“Albert! Bobby! For god’s sake, burn it down!” Chumbawamba, Give The Anarchist A Cigarette
Some of us knew this was coming. Two groups have people have consistently imagined different futures, and this is one of them. So as the world falls apart it has been to the mystics, the gnostics, to the soothsayers that we have turned: we have looked to the artists and scientists.
While we see the arts and the sciences as opposites, they really aren’t. The line between them is tenjugo-thin. Both artists and scientists observe carefully, then dream, imagine, and make. The art room and the science lab at school are remarkably similar places. (At my middle school, John Selden in Worthing, there was an open-plan space between classrooms called The Area, where science, art, and home economics were taught).
Here in England, though, while science will undoubtedly get extra funding as we adjust to a world with coronavirus (let’e be honest – this isn’t going away), the arts are being burnt to the ground while we watch. This is arson. Devil’s Night. One venue after another is being torched. Things that seemed solid, stable, fixed are finding their foundations shaking. The Globe, The National Theatre, the Royal Shakespeare Company, the Southbank Centre and the Royal Opera House are facing collapse. “It is really serious now,” says Greg Doran, from the RSC, “And if we lose our performance culture, we lose it for good.”
If the big arts organisations are in trouble, imagine the problems further down the ecological chain.
Arts Council England (ACE) scrapped all their grant schemes (project grants, used by smaller organisations for day-to-day running), cancelling any funding applications already submitted. They replaced them with a new fund for organisations, and grants for artists that were each less than one month of the UK’s average wage. The problem of artists expecting so little is deep rooted – a year ago, one funder actually had to instruct artists to ask for more pay.
But there’s another arts world, underground, that is more resilient: it has never had the big funding, never had the support from ACE, and as a consequence never had the overheads. Everything is already stripped back to what matters. Down here we’ve all spent years finding the quickest route to getting work seen. It’s the world of zines and badges, DIY festivals, open houses and empty shops.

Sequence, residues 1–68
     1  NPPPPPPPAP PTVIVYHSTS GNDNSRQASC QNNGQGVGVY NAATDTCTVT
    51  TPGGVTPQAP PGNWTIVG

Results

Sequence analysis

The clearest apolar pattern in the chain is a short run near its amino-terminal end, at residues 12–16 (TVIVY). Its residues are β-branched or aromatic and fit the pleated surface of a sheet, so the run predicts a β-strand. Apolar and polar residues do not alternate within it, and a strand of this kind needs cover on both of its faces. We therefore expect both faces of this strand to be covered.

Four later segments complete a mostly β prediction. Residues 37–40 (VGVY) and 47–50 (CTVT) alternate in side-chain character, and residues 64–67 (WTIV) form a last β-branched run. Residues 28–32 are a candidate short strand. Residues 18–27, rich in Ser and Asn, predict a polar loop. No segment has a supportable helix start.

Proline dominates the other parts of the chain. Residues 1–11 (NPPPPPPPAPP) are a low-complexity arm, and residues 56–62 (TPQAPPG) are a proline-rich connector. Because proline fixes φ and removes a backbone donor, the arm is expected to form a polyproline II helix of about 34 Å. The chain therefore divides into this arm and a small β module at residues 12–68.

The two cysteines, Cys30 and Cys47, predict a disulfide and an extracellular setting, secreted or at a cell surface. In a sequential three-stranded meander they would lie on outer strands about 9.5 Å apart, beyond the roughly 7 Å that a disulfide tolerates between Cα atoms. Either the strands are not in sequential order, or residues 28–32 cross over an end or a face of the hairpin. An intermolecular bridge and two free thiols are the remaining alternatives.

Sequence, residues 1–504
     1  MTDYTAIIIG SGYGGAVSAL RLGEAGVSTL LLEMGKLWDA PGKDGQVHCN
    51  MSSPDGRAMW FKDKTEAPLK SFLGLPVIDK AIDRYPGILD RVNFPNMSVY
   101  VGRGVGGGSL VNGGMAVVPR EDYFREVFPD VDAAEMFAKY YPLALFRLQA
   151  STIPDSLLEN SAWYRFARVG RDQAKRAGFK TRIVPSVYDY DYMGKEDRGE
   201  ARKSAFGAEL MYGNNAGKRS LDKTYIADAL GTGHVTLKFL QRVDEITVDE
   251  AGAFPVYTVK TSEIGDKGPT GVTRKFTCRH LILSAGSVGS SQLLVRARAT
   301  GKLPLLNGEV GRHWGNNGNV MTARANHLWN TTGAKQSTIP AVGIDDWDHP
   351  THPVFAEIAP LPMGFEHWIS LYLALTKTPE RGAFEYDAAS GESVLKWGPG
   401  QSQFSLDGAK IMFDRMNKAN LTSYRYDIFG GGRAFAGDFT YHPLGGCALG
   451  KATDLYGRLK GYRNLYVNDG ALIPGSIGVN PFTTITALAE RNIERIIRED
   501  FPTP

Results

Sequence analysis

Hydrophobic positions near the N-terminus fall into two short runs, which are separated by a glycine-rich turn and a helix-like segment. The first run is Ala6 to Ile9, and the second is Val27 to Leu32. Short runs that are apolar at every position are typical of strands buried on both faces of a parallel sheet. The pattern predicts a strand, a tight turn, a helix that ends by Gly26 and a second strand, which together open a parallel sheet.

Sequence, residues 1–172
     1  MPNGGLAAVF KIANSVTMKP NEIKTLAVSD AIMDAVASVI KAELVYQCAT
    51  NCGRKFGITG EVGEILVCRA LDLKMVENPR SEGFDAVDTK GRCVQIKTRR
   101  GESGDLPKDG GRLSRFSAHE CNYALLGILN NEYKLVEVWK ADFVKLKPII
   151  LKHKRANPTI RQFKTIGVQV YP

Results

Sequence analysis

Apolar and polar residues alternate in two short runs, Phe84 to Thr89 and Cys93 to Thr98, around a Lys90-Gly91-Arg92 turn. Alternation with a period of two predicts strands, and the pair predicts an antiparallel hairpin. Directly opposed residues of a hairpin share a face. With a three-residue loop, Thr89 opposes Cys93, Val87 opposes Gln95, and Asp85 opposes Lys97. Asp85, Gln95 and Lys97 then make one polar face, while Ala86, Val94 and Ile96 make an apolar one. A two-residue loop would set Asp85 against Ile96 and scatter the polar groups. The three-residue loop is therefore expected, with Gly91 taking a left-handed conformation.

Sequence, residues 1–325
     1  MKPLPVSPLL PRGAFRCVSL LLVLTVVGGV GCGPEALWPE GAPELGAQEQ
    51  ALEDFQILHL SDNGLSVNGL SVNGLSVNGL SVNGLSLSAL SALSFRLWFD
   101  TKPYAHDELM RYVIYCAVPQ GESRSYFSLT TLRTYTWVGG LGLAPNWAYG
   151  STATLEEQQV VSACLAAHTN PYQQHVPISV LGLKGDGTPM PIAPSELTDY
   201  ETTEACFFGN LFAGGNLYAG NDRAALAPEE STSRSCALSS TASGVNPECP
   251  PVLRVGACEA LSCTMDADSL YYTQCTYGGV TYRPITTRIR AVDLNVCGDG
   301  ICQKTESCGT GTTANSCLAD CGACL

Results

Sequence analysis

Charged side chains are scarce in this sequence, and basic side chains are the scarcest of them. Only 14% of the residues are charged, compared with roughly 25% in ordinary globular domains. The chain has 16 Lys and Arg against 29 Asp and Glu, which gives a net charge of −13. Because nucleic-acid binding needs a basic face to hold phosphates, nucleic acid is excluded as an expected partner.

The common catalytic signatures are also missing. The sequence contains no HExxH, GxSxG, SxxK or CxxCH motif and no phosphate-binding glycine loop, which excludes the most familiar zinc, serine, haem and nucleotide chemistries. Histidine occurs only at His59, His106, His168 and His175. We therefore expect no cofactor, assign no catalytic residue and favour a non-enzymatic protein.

“A man’s vision is his responsibility. If you have an idea, make it happen. Find the brothers and the sisters, find the resources, and do it. Your personal autonomy and power expose the shallowness of endless theorising and debate. Visions become real by being acted out, and once real serve as endless inspiration and free food for the public imagination.” Peter Coyote
And this end of the art world has found new ways to mobilise. Music venues have come together to raise funds, ensuring there will be a small-scale touring circuit after coronavirus. Podcasts have organised online festivals to raise funds for musicians. Music and theatre (where I started) are built on self-organising, mutual aid, on collaboration. The visual arts are built on the myth of the lone genius.
While I’ve spent years bluffing at being an artist, the truth is – art galleries aren’t where I belong. My roots are in zines, putting on my own gigs, scraping together enough to make things happen. I’m more photocopier than etching, more cheap ukulele than concert hall, more throwaway pin badge than artist edition.
This crisis is helping me to look again at what I do, and where I’ve stepped in the last thirty years to get to here. And the truth is, I don’t mind a fire. We can build something better once the smoke’s cleared.
Building something new starts here. This is a pledge to start changing things.
I’m going to work on Back & Fill, in particular on building a robust network of people working in seaside towns.
I’m going to add 10% to all future charges and project budgets. That 10% will be used to give artists in Margate, Stoke on Trent and Worthing time to think (similar to this response to Covid 19, but rolling).
I’m going to work out how – if Arts Council England can have a National Portfolio of Organisations – it can also have a National Portfolio of Artists.
I’m going to work with James Gough and other people I like on some thinking around arts funding models.
I’m going to hang out with more scientists.